The firm's Houston-based senior vice president and equity research analyst Pavel Molchanov has long been bearish on ExxonMobil, and advised InterOil shareholders that the oil company was poorly positioned to take full advantage of a sustained oil price recovery.
He attributes this to ExxonMobil's structural overweight to refining, chemicals and because, within its upstream segment, non-LNG gas does not directly benefit from rising oil prices.
He also noted that ExxonMobil shares were already pricing in long-term prices at an above-consensus West Texas Intermediate price of $US70/barrel.
Molchanov advises current InterOil shareholders sell the post-buyout shares and use the proceeds to re-invest into any of a wide range of oil-levered stocks like fellow New York-listed entities Halliburton, Hess, Marathon Oil and Whiting Petroleum.
He also believes InterOil founder Phil Mulacek's last-ditch attempt to delay ExxonMobil's acquisition will fail.
The Court of Appeal of the Yukon has accommodated an expedited hearing with respect to the appeal lodged by Mulacek, which is scheduled to be heard on October 31.
In addition, the Court of Appeal of Yukon granted a stay of the Supreme Court of Yukon's order approving the transaction, pending the hearing.
Papua New Guinea-focused InterOil continues to believe that the offer by ExxonMobil represents compelling value for all InterOil shareholders and vigorously opposes Mulacek's appeal.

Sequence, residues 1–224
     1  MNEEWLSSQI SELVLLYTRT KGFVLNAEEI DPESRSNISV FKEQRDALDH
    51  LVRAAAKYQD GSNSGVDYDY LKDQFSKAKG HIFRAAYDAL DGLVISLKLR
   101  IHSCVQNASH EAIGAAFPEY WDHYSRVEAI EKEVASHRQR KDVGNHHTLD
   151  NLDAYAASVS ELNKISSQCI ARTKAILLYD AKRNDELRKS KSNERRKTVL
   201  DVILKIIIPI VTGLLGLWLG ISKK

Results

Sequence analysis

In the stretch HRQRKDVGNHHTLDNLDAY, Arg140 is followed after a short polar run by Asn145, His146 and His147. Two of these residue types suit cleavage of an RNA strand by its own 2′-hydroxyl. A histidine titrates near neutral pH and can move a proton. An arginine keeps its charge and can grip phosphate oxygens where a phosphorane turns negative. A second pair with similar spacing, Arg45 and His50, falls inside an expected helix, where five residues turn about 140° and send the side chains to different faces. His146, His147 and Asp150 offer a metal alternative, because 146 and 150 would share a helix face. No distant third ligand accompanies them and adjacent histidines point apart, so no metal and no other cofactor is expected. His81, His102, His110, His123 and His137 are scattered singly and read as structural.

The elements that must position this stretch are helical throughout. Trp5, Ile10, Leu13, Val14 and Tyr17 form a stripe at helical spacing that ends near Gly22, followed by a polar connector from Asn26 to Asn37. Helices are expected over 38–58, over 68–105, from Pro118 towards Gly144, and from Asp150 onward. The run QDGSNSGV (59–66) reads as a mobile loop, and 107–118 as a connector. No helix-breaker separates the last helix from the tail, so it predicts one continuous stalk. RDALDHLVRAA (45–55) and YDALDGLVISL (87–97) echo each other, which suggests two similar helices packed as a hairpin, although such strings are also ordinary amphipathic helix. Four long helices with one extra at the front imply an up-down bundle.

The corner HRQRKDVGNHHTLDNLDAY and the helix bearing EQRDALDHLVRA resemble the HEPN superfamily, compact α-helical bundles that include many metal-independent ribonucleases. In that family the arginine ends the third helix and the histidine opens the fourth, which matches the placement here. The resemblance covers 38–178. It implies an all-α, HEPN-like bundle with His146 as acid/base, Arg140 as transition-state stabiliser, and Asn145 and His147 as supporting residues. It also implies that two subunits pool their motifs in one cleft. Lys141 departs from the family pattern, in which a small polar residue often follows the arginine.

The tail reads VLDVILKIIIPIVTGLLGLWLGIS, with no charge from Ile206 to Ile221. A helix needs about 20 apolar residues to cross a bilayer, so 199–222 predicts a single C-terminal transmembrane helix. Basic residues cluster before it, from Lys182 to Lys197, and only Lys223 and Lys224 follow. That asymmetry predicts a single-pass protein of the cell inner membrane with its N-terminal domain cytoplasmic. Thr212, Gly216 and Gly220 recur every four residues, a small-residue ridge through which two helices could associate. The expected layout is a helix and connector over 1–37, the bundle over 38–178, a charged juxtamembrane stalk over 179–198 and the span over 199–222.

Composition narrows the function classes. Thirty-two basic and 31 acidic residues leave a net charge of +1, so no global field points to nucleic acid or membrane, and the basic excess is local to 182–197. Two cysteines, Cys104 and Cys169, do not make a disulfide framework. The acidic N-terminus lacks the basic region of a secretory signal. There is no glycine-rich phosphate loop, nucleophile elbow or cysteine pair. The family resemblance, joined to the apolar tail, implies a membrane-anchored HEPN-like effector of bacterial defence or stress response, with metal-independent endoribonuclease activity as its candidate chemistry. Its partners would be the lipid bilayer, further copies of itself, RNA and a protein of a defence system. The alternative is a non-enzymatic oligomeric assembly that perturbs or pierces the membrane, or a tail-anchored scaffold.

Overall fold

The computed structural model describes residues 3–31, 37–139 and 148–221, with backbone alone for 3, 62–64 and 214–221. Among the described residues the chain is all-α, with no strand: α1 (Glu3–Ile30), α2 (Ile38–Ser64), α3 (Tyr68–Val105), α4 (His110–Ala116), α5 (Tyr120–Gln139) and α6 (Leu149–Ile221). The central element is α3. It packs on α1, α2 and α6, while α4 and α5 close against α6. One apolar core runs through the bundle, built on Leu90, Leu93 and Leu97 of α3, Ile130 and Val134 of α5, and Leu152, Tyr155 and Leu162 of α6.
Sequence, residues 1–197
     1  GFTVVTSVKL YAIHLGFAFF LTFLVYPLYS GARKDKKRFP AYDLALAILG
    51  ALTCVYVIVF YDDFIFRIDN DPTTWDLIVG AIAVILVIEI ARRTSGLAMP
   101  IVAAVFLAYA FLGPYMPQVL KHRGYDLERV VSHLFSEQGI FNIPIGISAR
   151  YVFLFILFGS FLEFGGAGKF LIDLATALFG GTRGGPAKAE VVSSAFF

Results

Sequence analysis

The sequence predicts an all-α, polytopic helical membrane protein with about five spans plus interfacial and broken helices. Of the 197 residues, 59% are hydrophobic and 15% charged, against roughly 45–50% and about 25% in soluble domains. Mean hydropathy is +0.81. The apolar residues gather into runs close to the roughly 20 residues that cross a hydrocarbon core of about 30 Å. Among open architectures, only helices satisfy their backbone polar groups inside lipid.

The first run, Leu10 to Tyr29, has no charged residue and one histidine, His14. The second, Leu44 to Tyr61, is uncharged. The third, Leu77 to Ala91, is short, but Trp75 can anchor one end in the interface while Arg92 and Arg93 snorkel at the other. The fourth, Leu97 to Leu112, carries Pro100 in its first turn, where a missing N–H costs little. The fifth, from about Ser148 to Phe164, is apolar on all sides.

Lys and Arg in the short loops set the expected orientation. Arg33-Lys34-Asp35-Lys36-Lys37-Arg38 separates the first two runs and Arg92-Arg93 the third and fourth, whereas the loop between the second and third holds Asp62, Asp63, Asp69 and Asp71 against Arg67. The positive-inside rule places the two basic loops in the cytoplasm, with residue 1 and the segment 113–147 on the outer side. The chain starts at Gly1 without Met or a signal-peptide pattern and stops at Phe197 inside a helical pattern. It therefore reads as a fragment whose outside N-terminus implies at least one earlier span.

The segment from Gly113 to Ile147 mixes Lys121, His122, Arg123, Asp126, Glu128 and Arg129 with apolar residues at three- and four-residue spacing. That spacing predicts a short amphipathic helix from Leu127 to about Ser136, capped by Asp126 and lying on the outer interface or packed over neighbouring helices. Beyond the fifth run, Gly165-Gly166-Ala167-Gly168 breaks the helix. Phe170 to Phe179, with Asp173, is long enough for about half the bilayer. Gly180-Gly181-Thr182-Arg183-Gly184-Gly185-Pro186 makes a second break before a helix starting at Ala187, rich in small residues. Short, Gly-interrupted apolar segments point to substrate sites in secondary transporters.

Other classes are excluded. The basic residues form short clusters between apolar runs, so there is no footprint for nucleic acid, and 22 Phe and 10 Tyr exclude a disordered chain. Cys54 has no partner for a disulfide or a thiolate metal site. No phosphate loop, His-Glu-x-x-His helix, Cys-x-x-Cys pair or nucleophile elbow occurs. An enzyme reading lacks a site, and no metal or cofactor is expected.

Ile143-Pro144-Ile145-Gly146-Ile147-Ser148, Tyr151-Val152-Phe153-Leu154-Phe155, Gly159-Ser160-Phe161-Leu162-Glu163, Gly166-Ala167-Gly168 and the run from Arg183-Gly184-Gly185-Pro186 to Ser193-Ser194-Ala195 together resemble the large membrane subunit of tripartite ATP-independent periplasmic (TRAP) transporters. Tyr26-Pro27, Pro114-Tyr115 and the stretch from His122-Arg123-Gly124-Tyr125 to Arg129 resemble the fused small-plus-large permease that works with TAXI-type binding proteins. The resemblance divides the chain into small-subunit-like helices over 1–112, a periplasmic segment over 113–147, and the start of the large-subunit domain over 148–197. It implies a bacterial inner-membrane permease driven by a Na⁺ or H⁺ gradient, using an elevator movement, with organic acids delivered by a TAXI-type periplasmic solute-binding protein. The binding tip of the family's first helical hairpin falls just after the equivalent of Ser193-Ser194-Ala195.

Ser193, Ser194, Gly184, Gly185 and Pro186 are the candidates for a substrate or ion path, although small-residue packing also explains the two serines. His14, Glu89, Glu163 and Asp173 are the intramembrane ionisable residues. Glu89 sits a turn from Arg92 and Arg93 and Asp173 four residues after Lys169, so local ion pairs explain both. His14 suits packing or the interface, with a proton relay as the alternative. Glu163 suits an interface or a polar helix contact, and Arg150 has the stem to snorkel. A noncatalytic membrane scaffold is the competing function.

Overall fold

The Supreme Court of Yukon approved the transaction on October 7, finding that it was fair and reasonable.
InterOil shareholders will get $45/share in ExxonMobil shares plus contingent value rights.
The latter will be converted into cash upon resource certification, which is likely in 2017, at a pre-determined formula. Those rights could be worth up to $US27/share - much more than the $5/share implied by the current InterOil stock price.
Yet Molchanov said that even under this best-case scenario, two-thirds of the value for InterOil holders will take the form of ExxonMobil shares.
"So, what to do with those shares? Our straightforward answer: sell them right away and use the proceeds to reinvest into any one of a wide range of oil-levered stocks, across market caps and places in the value chain," Molchanov said.
Raymond James has had an ‘underperform' rating on ExxonMobil since November last year.
"In a broad thematic sense, Exxon screens uniquely poorly in the context of our forecast for sustained oil price recovery into the $60s by year-end 2016 and even higher in 2017," Molchanov said.
"This is not an issue of market cap but rather ExxonMobil's structural overweight to refining, chemicals, and (within upstream) non-LNG gas - none of them directly benefiting from rising oil prices.
"Second, ExxonMobil shares are already pricing in oil prices that are reflected in our above-consensus price deck. Since the Exxon/Mobil merger in 2000, the stock's price-earnings ratio has averaged 14.8x. Extrapolating from that, we find that the implied 2017 EPS figure would require $70 WTI/$73 Brent."